Growing up in a close-knit Jewish Community in Buenos Aires, Argentina, Marcelo Bater’s first experience with religious and ethnic conflict occurred when he was a teenager.
In the 1990s, Buenos Aires was rocked by two terrorist attacks: the 1992 bombing of the Israeli embassy and the 1994 bombing of the Jewish community center (AIMA).
The long history of the Jewish community in Argentina, which dates back to the 16th century, has been marked by both periods of peaceful coexistence and anti-Semitism. Today, Argentina is home to the largest Jewish population in Latin America, with nearly 181,000 Jews centralised primarily in Buenos Aires and the surrounding areas, according to the Jewish Virtual Library. Even so, Jews make up less than 5% of the population in the predominately Christian country.
Deeply affected by the terrorist attacks, Marcelo says he began to see the importance of coalescing around the Jewish identity. “I thought: If we don't care about ourselves, as Jews, as a minority around the world, nobody else will,” he said
While some may have viewed these traumatic events as justification to insulate their religious community from ‘the Other’, for Marcelo, they were the catalyst for a journey towards greater understanding of, and among, religions.
At 26 years old, he became ordained as a Rabbi and following posts in Aruba and Florida, he rejoined the Jewish community in Argentina, bringing with him a clear vision for the country’s pluralistic future. Since then, he has worked hard to ensure representation of the Jewish perspective in local policymaking and to counter anti-Semitism through education.
Marcelo also realised he could make a difference by teaching young children about the importance of interreligious perspectives, alongside imparting the value of Jewish traditions. “I discovered that I really enjoy teaching and that I am in charge of giving Judaism to the next generation. I need to teach why it is important to fight against anti-Semitism and against all intolerance,” he said.
Encouragingly, Marcelo’s vision of a pluralistic Argentina has already begun to be realised. In 2016, the Buenos Aires legislature passed a law which declares the Argentine capital the “City of Interreligious Dialogue”. The law affirms the city’s position as an “environment in which people, communities and institutions from different religious traditions coexist in harmony, value the richness of religious diversity, promote shared common values and build relationships through dialogue, reflection and cooperative actions in order to strengthen the social fabric for the common good.”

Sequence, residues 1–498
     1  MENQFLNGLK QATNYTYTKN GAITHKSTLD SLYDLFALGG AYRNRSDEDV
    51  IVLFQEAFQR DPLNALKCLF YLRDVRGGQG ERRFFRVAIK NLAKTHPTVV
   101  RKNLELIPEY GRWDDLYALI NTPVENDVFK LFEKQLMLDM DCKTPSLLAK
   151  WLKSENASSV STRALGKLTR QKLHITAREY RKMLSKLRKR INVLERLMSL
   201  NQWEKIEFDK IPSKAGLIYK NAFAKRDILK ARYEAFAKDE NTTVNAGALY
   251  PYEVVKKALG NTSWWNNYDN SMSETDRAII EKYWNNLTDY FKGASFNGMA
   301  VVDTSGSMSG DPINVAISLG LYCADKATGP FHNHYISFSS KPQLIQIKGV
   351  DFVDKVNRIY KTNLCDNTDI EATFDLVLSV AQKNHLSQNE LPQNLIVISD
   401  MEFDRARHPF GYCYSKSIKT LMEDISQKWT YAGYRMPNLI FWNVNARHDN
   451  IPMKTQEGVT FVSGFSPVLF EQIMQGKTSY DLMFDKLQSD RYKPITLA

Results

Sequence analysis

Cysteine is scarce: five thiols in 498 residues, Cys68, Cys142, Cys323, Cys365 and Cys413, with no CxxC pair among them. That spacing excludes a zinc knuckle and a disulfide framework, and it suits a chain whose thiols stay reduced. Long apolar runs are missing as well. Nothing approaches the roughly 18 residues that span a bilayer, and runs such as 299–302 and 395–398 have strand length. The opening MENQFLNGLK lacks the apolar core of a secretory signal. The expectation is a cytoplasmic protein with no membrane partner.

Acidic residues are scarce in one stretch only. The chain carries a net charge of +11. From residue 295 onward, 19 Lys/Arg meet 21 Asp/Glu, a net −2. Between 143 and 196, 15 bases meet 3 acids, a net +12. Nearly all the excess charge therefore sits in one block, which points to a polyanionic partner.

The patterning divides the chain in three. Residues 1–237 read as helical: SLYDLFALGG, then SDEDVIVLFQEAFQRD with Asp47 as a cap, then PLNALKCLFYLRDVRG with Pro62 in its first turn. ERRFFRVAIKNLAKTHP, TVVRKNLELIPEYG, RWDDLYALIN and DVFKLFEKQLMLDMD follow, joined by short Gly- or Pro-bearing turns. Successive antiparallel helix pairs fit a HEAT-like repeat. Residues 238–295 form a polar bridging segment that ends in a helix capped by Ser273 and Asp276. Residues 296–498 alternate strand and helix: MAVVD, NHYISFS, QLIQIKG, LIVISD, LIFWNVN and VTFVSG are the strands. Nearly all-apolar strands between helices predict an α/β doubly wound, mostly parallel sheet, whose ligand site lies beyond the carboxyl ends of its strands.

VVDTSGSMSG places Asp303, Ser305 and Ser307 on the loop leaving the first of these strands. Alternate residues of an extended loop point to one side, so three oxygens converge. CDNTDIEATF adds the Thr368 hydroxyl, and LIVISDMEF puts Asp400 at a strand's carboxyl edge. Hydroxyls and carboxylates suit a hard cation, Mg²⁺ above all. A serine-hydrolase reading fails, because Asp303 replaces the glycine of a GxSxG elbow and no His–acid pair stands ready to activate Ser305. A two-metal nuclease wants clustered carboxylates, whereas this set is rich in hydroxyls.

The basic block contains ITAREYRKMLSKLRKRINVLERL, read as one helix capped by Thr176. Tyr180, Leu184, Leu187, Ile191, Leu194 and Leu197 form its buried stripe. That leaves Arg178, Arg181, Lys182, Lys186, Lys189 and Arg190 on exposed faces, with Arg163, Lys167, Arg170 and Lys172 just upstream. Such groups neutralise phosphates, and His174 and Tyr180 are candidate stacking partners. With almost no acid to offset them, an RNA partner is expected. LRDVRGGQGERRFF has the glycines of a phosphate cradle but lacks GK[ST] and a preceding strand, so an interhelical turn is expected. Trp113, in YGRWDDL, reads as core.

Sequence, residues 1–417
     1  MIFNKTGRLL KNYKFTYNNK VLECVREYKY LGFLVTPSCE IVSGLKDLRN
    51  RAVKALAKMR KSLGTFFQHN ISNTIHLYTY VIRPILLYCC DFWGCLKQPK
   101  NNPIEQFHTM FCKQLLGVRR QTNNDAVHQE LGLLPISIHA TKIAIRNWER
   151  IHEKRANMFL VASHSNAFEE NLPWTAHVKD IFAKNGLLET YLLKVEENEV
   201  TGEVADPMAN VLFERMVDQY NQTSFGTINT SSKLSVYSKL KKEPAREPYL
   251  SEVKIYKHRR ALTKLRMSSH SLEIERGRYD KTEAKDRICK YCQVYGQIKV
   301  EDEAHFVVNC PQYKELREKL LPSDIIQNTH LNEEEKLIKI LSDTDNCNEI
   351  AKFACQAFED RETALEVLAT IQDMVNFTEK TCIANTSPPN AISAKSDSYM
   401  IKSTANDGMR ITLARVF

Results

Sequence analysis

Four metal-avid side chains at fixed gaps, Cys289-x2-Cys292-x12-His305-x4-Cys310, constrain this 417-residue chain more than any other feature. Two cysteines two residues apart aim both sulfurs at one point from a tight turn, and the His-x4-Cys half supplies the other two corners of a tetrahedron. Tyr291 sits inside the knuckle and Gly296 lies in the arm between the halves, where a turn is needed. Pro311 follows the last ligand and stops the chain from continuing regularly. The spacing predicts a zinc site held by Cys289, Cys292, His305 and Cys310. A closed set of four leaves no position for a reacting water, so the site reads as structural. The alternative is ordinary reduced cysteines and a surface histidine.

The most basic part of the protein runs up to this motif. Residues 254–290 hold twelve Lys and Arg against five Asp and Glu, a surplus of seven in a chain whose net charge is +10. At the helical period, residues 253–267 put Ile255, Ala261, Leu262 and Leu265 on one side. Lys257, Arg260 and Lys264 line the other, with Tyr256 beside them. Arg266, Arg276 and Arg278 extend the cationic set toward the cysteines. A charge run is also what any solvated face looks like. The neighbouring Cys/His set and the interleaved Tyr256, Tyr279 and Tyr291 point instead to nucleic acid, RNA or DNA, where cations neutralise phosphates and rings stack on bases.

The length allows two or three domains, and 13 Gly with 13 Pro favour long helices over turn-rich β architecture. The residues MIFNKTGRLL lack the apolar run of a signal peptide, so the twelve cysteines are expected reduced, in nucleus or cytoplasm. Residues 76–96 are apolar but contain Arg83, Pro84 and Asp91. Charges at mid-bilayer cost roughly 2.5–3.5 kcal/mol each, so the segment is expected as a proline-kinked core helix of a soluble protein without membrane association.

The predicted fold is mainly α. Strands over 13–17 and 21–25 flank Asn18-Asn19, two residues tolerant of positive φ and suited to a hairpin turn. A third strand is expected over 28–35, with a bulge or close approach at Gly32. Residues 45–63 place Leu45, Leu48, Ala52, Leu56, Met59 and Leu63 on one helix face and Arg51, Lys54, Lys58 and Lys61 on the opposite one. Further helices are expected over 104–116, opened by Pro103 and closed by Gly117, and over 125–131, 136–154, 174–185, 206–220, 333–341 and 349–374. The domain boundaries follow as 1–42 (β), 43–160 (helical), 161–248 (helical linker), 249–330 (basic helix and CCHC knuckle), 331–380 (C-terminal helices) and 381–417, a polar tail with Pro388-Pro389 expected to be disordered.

This effort was largely supported and promoted by the Latin American Jewish Congress (CJL), an organization founded to keep the Jewish tradition alive and keep dialogue with other faiths, where Marcelo is a member. It is also through the CJL where Marcelo learned about the KAICIID Fellowship Programme. He joined the international cohort in 2018.
Interacting with a diverse group of people from countries around the world, Marcelo found his passion for pluralism and interreligious dialogue to be fully affirmed. “Everything I learned as a Fellow has helped to reinforce my belief that dialogue is really the only route to peace. Since becoming a Fellow, it has reinforced for me that we need to talk to everyone, at every age, about how religion is misunderstood,” he said.
Marcelo said this has struck home for him, particularly in regard to anti-Semitism. “When you see someone drawing a swastika and you talk to them, and ask: ‘Why are you doing this? Do you know what it means?’ Most of the time, you realise that these people have no idea.”
As much as being able to talk to members of the local community matters, Rabbi Marcelo says that learning dialogue practices from KAICIID taught him something much more valuable: the importance of listening. “Each time the Fellows came together in person, the focus was on dialogue; on listening to what ‘the Other’ wants to say. Because when you talk about dialogue, when you talk about a different point of view and you're a good active listener, you realise that things that you thought were confronting, are not so confronting,” he said.
During the COVID-19 pandemic, this revelation became crucial to how he performs his duties, as pastoral counselling moved from the physical to the virtual world. “I now use the phone 24 hours a day because people need to be in contact. We are isolated with our families. And if you don't have any family, you are completely alone,” he said.
Marcelo says the ability to listen is “the most important tool for 2020”, because it equips individuals with the tools to break down stereotypes, enhance inclusion efforts and amplify the voices of the underrepresented. According to Marcelo, this is just as true for Jews in a majority Christian country, as it is for people who are isolated and anxious during a global health crisis.
He has also joined Argentina’s Faith Phone Chain (Cadena Telefónica in Spanish), a multireligious initiative established by the government, which connects anxious or isolated individuals with a leader of their faith. Marcelo sees the phone chain as yet another way to practice his life philosophy: that it is important to exchange different life experiences, understand the stories of others and be good listeners.
“We may have different religions, but It doesn't matter if God is mentioned in this name, in another name, in another name”, he said. At interreligious meetings, I used to refer to God as The God of Many Names. This God, by whatever name, wants us to create a peaceful world.”